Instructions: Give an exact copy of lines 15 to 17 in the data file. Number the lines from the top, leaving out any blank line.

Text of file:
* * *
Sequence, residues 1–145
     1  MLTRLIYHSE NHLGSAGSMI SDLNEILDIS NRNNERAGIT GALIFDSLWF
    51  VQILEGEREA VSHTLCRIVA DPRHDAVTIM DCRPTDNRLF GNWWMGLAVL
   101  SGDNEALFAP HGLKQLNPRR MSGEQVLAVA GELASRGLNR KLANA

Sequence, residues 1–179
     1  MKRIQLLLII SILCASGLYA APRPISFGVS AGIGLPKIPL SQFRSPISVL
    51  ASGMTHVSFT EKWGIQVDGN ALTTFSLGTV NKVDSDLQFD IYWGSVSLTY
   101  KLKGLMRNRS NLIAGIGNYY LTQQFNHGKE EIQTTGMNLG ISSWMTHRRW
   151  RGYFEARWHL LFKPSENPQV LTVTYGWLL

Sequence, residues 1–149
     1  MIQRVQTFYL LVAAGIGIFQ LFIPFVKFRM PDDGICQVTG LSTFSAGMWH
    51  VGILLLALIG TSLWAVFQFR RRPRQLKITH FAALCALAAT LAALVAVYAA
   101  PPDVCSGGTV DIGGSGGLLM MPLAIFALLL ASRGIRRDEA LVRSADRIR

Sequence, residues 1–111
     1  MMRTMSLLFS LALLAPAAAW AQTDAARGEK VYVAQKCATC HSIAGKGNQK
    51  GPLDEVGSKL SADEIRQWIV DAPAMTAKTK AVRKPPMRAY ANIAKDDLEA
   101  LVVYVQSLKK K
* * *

     1  MMRTMSLLFS LALLAPAAAW AQTDAARGEK VYVAQKCATC HSIAGKGNQK
    51  GPLDEVGSKL SADEIRQWIV DAPAMTAKTK AVRKPPMRAY ANIAKDDLEA
   101  LVVYVQSLKK K